Kampala. Increased uptake of electricity from the Kiira and Nalubaale hydropower stations has led to the reduction of end-user power tariffs by Shs1 per unit.
The plant, which last quarter contributed an average of 176 megawatts (MW) to the national electricity grid, will this quarter generate an average of 177MW.
The increase is on account of increased discharge of water, from 930 cubic metres per second to 1, 000 cubic metres per second.
Of Uganda’s 20 electricity generation plants, Eskom Uganda Limited, which operates the Kiira and Nalubaale hydropower plants, charges the lowest generation tariff – US¢1 (Shs35) per unit.
For the period 2017 to 2032, Bujagali Energy Limited will charge US¢13.38 per unit (Shs482.3).
On Thursday, the Uganda Manufacturers Association (UMA) hosted Electricity Regulatory Authority (ERA) officials to, among other things, talk about Buy Uganda Build Uganda as well as this quarter’s tariffs.
ERA, which sets the end-user tariffs after considering the tariff proposals of the different electricity utilities, is yet to formally announce the new tariffs.
When contacted on Friday, ERA’s communications manager John Julius Wandera, said ERA is still consulting some stakeholders.
He said ERA would release the tariff schedule for this quarter only after engaging more stakeholders.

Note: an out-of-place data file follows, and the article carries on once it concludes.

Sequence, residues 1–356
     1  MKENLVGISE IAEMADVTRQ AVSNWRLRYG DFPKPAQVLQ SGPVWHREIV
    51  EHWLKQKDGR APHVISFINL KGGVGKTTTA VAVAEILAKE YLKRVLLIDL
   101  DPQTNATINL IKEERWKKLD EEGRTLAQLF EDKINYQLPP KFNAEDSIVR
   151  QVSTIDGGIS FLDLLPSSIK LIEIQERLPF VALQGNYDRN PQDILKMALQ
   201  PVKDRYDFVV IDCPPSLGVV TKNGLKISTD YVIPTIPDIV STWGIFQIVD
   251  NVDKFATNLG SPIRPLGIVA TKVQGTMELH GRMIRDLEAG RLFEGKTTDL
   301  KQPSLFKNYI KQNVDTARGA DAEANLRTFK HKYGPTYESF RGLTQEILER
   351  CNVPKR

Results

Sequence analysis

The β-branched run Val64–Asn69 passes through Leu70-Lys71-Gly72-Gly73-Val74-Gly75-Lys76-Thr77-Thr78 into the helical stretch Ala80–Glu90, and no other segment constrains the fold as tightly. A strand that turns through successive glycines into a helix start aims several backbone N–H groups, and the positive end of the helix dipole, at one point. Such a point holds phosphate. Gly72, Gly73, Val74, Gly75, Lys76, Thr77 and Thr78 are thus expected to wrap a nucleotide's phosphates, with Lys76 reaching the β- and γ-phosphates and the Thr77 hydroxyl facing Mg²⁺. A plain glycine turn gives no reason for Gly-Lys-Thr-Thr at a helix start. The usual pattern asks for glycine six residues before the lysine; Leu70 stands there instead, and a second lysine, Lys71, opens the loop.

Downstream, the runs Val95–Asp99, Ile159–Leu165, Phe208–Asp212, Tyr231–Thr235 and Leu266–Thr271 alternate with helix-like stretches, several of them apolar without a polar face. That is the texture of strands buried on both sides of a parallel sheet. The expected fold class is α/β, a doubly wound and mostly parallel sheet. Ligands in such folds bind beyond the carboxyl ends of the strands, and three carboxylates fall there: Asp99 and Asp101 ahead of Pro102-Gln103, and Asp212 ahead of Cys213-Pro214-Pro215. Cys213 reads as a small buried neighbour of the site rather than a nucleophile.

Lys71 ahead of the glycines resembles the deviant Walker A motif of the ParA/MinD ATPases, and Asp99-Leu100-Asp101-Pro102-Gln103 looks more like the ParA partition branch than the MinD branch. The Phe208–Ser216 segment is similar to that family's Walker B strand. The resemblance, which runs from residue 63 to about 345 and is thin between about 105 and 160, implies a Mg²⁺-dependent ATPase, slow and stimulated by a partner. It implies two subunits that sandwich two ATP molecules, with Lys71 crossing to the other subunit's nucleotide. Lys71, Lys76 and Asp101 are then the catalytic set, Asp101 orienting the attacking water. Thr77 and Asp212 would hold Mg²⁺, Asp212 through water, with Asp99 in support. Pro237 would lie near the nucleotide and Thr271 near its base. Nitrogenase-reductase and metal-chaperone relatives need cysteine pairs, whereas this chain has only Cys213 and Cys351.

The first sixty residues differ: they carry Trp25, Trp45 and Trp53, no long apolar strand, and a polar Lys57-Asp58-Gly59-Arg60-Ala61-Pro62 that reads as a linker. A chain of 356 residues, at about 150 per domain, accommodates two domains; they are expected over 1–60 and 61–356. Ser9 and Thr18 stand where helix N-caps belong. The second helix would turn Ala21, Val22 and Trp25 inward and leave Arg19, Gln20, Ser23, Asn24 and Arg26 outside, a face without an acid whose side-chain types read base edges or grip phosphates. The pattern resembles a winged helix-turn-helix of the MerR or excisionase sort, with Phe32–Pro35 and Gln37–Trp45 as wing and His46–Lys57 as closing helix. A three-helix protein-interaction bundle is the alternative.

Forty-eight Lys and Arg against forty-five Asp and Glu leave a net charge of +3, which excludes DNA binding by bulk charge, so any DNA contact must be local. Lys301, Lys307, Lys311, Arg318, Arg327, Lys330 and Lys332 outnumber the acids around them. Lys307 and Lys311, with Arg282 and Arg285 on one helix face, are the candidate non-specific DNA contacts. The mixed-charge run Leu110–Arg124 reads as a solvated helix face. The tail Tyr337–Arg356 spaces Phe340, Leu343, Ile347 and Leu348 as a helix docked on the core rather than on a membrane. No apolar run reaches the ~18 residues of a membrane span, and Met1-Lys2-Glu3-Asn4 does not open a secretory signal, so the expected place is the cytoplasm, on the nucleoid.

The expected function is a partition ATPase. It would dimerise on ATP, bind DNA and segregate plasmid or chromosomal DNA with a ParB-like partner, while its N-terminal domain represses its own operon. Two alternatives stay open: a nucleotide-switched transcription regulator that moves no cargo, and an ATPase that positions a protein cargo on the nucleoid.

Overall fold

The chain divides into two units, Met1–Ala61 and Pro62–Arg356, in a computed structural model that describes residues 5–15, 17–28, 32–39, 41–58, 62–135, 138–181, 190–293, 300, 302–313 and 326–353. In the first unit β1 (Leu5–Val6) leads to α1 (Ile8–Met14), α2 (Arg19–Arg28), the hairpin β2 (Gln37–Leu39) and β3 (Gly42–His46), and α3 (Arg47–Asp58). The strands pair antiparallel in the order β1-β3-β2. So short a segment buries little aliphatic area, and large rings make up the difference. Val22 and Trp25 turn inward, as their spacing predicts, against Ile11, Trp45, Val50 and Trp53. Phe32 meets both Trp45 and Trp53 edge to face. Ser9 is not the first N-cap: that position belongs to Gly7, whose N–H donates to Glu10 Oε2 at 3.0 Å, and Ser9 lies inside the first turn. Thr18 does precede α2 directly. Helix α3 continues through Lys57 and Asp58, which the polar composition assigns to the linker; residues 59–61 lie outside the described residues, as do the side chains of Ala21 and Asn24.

Pressed for specifics on the tariff, Mr Wandera said ‘the tariff is reducing’. He however, refused to discuss the matter any further.
According to other source, the end-user tariffs for all consumer categories will be reduced by a weighted average 0.3 per cent.
Last quarter, a household paid Shs687.1 for each unit [above the 15th unit], whereas a miller or a welder who uses three-phase low voltage loads of under 100 amperes paid Shs620.9 per unit.
A medium industrial consumer (one who uses up to 500kilovolts) paid Shs569.7 per unit whereas a large industrial consumer (one who uses between 500kVA and 1,500 kVA paid Shs370.2 per cent.
An extra-large industrial consumer paid Shs366.9 per unit whereas the urban authorities or municipalities paid Shs671.2 per unit.
Each of the above consumer categories will now pay just Shs1 less.
Whereas some domestic consumers have in the past dismissed the reductions as to thin to translate into lower power bills, UMA said even a saving on one shilling on each unit is important since UMA members consume a lot of power.
UMA members altogether consume 70 per cent of the electricity distributed in Uganda. They have for years called for the lowering of the end-user tariffs to reduce their costs of production and boost their competitiveness.
To that end, President Museveni pledged that the government would work to reduce the tariff for the manufacturers to Shs177 per unit.
To that end, the government wants to refinance the Bujagali Energy Limited loan, that is, to get a cheaper loan to repay the Bujagali loan.